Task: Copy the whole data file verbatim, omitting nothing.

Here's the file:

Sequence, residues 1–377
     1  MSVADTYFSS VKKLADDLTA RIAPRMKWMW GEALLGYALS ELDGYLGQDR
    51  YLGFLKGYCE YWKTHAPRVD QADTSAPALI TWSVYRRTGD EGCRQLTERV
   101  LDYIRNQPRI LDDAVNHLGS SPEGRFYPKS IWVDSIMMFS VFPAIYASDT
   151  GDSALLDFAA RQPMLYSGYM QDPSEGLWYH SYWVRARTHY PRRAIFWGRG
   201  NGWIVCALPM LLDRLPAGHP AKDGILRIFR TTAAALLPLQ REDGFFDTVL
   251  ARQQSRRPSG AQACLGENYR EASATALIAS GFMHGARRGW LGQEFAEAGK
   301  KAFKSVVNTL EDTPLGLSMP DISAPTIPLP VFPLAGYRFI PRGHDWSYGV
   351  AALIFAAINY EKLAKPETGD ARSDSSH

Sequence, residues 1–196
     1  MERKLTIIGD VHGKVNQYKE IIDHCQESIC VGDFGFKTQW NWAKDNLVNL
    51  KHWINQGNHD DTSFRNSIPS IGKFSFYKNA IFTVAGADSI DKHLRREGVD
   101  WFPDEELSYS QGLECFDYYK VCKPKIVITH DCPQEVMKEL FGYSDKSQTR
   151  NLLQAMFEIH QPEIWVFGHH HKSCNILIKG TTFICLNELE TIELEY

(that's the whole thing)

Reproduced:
Sequence, residues 1–377
     1  MSVADTYFSS VKKLADDLTA RIAPRMKWMW GEALLGYALS ELDGYLGQDR
    51  YLGFLKGYCE YWKTHAPRVD QADTSAPALI TWSVYRRTGD EGCRQLTERV
   101  LDYIRNQPRI LDDAVNHLGS SPEGRFYPKS IWVDSIMMFS VFPAIYASDT
   151  GDSALLDFAA RQPMLYSGYM QDPSEGLWYH SYWVRARTHY PRRAIFWGRG
   201  NGWIVCALPM LLDRLPAGHP AKDGILRIFR TTAAALLPLQ REDGFFDTVL
   251  ARQQSRRPSG AQACLGENYR EASATALIAS GFMHGARRGW LGQEFAEAGK
   301  KAFKSVVNTL EDTPLGLSMP DISAPTIPLP VFPLAGYRFI PRGHDWSYGV
   351  AALIFAAINY EKLAKPETGD ARSDSSH

Sequence, residues 1–196
     1  MERKLTIIGD VHGKVNQYKE IIDHCQESIC VGDFGFKTQW NWAKDNLVNL
    51  KHWINQGNHD DTSFRNSIPS IGKFSFYKNA IFTVAGADSI DKHLRREGVD
   101  WFPDEELSYS QGLECFDYYK VCKPKIVITH DCPQEVMKEL FGYSDKSQTR
   151  NLLQAMFEIH QPEIWVFGHH HKSCNILIKG TTFICLNELE TIELEY